Here are the highlights of the pre-match press conference before Roma face Liverpool at the Stadio Olimpico. Eusebio Di Francesco and Radja Nainggolan were elected to face the press questions.
EDF: “Strootman will have a lot of difficulty being involved in the game tomorrow.”
(Update: Much later today, it was confirmed Strootman has not been called up to the matchday squad and is out of the semi final.)
Are you aware that Liverpool’s assistant manager is not going to be working again for them this season? And is that a benefit that there are problems behind the scenes at Liverpool?
(Radja laughs, smirks and takes a perfectly timed sip of water at the question while EDF answers).
EDF: “No, I think these are things that aren’t my business. And we can’t possibly prepare a game based off the idea that we won’t be seeing Klopp’s assistant. We’ll be facing a strong team that’s invested a lot into itself to do well in both their league and the Champions league, and a team that has history in this competition. I don’t think one piece of their staff missing could make a difference tomorrow. Those are internal problems for them, not us.”
BBC journalist: Are you aware that one of the Liverpool fans was almost killed by a group of your ultras outside Anfield last week? And why does Roma have such a problem with the behaviour of their fans? On several occasions now, over the last few years, English fans of England clubs have been attacked here in Rome. Do you expect the same to happen here over the next 24 hours? What’s your message to your fans, please?
EDF: “I think in general there’s been a bad element to every fanbase. And I think a minimal part of the fanbase, or even less, has done things that shouldn’t be done. I’ve already said before in the build up to this game that I’ve stayed very close to Sean Cox and his family and I’m against any form of violence, both personally and in our surrounding environment. I assure you at Roma there are true, passionate and respectful fans. I think we’re talking about a very small part of them that are also present on your side, no? In general, there’s that element present everywhere that can ruin a beautiful sport and a beautiful game like the one tomorrow should be. I take advantage of this game to make an appeal: that tomorrow is really a joy to come to the stadium, a good time regardless of the final score.”
For the first leg, Klopp complimented your approach for making an effort to play the game. In this phase of growth for the team, is it just an acceptable part of the process to have these bad evenings at the expense of not giving up on the team’s nature?
EDF: “As part of the growth process, it’s understandable. I’d like to remember we’re in the semi-final of a Champions League and that’s a big goal but it’s not a goal that would shift me from my way of seeing football. What was missing was the consistent focus during the game. And don’t think that the players hadn’t prepared well for the game because it’s inevitable that a Champions League semi-final was prepared thoroughly. But in the game itself, the match is shaped by where the ball is. And after 25 minutes, for us, losing the middle part of the pitch is something where we’d have to say we were behind Liverpool. And that’s where we’ll have to react faster in this game. That’s what I hope to see sorted from the delayed reaction that was too long in the game at Anfield.”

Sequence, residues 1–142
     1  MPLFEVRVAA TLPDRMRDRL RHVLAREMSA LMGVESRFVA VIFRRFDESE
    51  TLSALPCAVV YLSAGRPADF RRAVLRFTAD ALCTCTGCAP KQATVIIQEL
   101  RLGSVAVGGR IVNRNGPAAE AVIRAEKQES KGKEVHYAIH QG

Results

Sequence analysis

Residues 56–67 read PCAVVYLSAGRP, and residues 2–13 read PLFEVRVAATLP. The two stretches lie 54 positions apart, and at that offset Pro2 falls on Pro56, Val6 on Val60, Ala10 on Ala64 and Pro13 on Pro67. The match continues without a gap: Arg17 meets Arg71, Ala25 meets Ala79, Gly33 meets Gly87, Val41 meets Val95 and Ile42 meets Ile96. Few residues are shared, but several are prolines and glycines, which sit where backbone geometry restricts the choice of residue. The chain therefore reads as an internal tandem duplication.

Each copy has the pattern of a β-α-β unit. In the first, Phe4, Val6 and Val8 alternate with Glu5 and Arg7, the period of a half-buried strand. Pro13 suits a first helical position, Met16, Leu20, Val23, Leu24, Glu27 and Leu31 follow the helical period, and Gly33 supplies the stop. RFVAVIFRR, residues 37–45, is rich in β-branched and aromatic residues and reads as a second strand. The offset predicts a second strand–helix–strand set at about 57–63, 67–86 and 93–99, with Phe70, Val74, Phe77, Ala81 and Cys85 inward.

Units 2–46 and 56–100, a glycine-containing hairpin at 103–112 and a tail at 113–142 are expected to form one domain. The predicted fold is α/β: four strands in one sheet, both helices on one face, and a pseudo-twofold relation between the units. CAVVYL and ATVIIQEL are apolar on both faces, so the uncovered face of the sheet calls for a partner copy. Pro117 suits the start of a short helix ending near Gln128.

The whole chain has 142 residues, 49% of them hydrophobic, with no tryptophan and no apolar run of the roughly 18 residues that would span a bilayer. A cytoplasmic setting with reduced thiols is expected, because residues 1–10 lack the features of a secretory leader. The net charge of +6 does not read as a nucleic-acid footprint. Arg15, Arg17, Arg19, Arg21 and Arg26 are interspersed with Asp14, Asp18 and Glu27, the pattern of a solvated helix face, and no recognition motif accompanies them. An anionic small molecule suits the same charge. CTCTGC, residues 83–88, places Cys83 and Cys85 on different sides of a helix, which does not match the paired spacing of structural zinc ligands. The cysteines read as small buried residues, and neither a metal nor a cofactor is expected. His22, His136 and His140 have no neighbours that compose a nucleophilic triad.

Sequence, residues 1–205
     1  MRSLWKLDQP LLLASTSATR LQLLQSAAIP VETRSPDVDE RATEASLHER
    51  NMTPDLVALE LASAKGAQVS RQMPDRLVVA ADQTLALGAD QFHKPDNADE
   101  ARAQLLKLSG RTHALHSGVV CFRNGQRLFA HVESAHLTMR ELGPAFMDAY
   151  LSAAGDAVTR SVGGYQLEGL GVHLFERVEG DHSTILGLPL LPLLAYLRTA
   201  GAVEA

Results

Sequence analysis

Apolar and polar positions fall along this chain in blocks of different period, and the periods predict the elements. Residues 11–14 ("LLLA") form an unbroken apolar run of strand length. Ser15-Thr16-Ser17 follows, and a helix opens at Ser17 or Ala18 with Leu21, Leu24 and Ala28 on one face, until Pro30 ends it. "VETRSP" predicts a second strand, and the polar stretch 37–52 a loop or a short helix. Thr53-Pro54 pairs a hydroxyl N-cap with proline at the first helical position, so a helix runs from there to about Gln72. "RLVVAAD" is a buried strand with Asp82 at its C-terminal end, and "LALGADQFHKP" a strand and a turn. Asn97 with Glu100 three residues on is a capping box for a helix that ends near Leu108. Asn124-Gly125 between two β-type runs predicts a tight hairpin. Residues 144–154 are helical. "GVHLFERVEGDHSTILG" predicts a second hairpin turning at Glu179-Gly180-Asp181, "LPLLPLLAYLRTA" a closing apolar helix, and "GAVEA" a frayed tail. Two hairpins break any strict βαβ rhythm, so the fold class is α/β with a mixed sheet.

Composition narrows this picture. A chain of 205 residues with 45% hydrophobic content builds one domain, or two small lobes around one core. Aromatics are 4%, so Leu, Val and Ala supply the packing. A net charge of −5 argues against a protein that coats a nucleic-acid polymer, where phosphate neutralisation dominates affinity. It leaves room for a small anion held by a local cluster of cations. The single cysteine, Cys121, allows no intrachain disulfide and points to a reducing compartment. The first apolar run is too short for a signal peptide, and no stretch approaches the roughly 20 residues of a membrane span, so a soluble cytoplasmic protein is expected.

Your season has seen you score less and assist more. You came up with an assist in the game against Liverpool and also against Chievo. Are you enjoying this new side of your game? And how is it possible, in 25 Champions League games, that you’ve never scored a goal?
(EDF says something to him and Radja laughs, looking nonplussed at the question).
Nainggolan: “What can I say... Personally, I’m one of those players that doesn’t live only for goals. In the sense that it definitely makes me happy when I score goals but I’m more happy to be decisive in the final result. In the sense that, in this year I’ve been making the assists and it’s been a pleasure to be part of other players scoring the goals. At the end, what makes a difference is what makes a difference. As far as comparing it to last season, I don’t know, it’s kind of a completely different ballgame. But I’m happy with where I’ve been put to play and I’m able to give the maximum of myself. As for as scoring in the Champions League, maybe tomorrow we’ll see. Anything is possible. We will see.”
Daniele Lo Monaco: After 25 minutes last week, Roma went lights out. You were maybe the only one in that moment that managed to keep making some key actions throughout. In that sense you were the one to keep your head on the gameplan the team was trying to play. Your teammates, on the other hand, fell into a tough spot. For that, there will always be questions of what could have been done better technically and tactically but - from your point of view on the pitch - is there always something else that can be done that isn’t easily explained?